So much unwanted advice

A post shared by Keri Roeller (@keri.roeller) on

In the day and age of social media, things like blogs, web pages, Pinterest and Facebook are all peppered with things you should or should not do to raise a child. To spank or not to spank, homeschool, public or private school, are you a creative lunch maker or just a boring sandwich pusher, do you teach them things or let them figure things out on their own, and I could go on and on!

I admit, when I have an issue with my child, I first go to family and friends for advice. But, if I don’t find an answer that seems to fit my situation, I know I can turn to the world wide web. There are many professional child psychologists, pediatricians, nannies, childcare workers and moms that provide sound and calming solutions. It amazes me the wisdom you can glean from these sites. However, when articles pop-up on Pinterest urging you to read it or someone rants on a Facebook post about how they saw a mom doing or not doing something, this barges in on me like a neon sign and tends to irk me more than entice me. Why? Because advice for children is not one-size-fits-all. What my child needs to curb a certain behavior may not work for your child and vice-versa. The fact that a lot of these posts insinuate you are a bad parent if you AREN’T practicing their latest finding is downright maddening.

Mischievious

A post shared by Keri Roeller (@keri.roeller) on

There is pressure for our kids to be the best soccer player, the smartest student in school, the highest jumper, the most advanced in technology and the healthiest of eaters. I miss the days when it was okay for kids to try out a sport and see if they liked it before signing their summer away to be on the team. There is pressure from every angle, even from ourselves, to raise a kid that will overachieve as opposed to just succeed in this world.

A post shared by Keri Roeller (@keri.roeller) on

Just don’t read the articles!

If only it were easy NOT to notice the articles.  However, because these articles pop up on Facebook, Pinterest, or as a header on a website you are shopping on, it is difficult to ignore the taunts. “What IF I’m doing something wrong?” If you suffer from anxiety or depression these articles can deepen your feelings of inadequacy and make you question everything you are doing or not doing for your child. The internet can be a great tool, a way to connect people with the latest information, but it can also be a dangerous web luring you in to “keep up with the Jones’s.” I think it is okay if you want to post what has worked for your child, but it would be great if you didn’t claim this to be the fix of all fixes and look down your nose to people who don’t share your ideals. I’m grateful that you had the luck to find that magic ticket in your family’s life, I might just try it on my child as well. But if it doesn’t work, or if I find that it isn’t in his best interest, then I will file your idea in my “things that didn’t work” file and move on. Don’t judge, don’t talk behind my back, don’t push your convictions on my family and give people a break for choosing their own path.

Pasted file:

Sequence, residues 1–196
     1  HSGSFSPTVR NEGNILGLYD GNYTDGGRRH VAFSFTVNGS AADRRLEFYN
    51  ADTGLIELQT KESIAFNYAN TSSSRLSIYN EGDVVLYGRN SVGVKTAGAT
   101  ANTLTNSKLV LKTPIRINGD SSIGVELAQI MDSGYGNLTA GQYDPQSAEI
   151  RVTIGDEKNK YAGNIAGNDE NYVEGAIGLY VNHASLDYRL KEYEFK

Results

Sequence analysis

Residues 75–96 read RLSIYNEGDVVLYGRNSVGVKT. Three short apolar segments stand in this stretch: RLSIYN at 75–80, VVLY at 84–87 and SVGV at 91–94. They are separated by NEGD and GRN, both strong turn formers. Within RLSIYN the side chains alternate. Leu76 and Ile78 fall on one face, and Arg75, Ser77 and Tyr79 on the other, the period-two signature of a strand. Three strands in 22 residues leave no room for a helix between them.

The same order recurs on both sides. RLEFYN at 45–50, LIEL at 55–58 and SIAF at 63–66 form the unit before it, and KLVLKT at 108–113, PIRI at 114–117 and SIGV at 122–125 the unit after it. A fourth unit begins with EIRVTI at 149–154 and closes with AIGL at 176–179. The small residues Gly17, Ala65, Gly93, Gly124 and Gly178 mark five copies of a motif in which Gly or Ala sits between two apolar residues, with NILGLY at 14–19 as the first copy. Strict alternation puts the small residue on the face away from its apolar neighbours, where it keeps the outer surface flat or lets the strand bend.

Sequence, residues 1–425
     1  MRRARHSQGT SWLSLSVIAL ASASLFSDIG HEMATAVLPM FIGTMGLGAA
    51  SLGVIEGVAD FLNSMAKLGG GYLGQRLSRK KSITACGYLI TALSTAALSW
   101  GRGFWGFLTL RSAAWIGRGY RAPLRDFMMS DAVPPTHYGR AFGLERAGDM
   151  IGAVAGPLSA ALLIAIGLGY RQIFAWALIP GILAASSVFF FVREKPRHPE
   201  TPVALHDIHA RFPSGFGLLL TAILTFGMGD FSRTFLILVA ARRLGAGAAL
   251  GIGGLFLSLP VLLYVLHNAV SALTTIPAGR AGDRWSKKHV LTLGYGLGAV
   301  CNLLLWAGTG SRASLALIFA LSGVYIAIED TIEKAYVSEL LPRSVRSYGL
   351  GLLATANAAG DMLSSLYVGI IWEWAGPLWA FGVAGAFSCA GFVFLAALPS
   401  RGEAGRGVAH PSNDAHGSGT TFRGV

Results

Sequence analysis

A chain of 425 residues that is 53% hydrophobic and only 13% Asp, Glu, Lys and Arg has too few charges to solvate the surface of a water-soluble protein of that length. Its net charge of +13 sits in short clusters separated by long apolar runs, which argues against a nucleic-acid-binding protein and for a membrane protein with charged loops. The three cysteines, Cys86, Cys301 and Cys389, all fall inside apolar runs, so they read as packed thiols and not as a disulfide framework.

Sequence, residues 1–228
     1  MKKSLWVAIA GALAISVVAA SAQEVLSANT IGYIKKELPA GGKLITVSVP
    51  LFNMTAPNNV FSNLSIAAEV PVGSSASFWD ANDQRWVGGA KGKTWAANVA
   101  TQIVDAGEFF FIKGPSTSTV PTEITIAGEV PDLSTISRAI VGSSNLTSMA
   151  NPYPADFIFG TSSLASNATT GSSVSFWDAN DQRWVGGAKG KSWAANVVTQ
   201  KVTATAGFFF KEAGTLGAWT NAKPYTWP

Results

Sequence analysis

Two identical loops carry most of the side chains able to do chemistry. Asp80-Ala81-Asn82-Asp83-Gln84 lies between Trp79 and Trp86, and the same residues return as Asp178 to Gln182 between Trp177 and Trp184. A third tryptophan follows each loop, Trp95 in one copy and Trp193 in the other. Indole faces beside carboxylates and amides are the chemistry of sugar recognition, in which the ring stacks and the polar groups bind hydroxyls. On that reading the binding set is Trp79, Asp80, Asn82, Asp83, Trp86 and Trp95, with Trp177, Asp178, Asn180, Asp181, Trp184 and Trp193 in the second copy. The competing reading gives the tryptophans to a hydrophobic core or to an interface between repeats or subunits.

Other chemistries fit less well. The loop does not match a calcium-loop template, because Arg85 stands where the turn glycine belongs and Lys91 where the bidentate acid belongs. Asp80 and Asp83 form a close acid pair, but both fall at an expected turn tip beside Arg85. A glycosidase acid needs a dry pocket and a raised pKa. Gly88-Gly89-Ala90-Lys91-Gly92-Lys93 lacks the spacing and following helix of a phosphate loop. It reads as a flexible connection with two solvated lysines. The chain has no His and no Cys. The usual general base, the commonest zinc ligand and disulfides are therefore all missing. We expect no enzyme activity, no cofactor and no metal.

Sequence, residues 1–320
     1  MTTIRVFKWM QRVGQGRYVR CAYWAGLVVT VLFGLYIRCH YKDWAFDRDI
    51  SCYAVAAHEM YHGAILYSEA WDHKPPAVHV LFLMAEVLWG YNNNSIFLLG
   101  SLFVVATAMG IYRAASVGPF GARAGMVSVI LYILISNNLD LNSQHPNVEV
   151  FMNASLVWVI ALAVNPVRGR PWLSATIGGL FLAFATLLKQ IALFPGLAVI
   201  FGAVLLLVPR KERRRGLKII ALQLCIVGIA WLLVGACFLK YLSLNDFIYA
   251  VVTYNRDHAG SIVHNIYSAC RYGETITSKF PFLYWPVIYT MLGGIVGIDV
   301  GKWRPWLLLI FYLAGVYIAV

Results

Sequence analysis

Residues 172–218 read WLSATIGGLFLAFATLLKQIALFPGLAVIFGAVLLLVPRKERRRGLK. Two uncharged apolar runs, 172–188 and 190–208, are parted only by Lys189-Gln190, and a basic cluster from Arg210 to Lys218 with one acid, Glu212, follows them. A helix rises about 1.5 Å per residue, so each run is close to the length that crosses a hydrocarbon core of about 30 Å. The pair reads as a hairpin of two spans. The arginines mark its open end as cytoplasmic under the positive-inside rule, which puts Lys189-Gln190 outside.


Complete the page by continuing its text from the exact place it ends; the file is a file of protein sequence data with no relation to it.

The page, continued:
toddler

I do my best each day to try to be secure in who I am, what I’m doing and embracing the love and comfort of my family. If the internet is going to keep throwing out pop-up shaming and unsolicited advice, what I may have to re-think is the amount of time I spend on social media.

Advertisements

3 thoughts on “So much unwanted advice

  1. Great post. I don’t know what I would do without my family and friends for advice, but when it comes down to it. You know your child the best. When I listened to the Rob Reiner podcast on the Nerdist http://nerdist.com/nerdist-podcast-rob-reiner/ he spoke to that about how he did not want to give advice to anyone else, that what they did worked for their family but everyone’s situation is different. As you said, one size does not fit all in parenting – not even in the same family. Everyone is unique.

  2. Only a parent of fur kids so I have no dog in this fight but I’m a long time Children’s Ministry Director and the other side of the coin is when trying to provide some information that a parent who is less aware than you are Kerri blindly dismisses your feedback….not my child….as if to say not my parenting. Thoughts there?

    1. That is a little different than pop up posts from Facebook. As a person in leadership, having actually noticed some behavior issues, it is important that you being your concerns to the parent. If they are smart, they well know the type of person you are and that you have concern for their child. At that point, they can consider your observations and advice then deal accordingly. That is my two cents on that. 🙂

Leave a Reply

Fill in your details below or click an icon to log in:

WordPress.com Logo

You are commenting using your WordPress.com account. Log Out / Change )

Twitter picture

You are commenting using your Twitter account. Log Out / Change )

Facebook photo

You are commenting using your Facebook account. Log Out / Change )

Google+ photo

You are commenting using your Google+ account. Log Out / Change )

Connecting to %s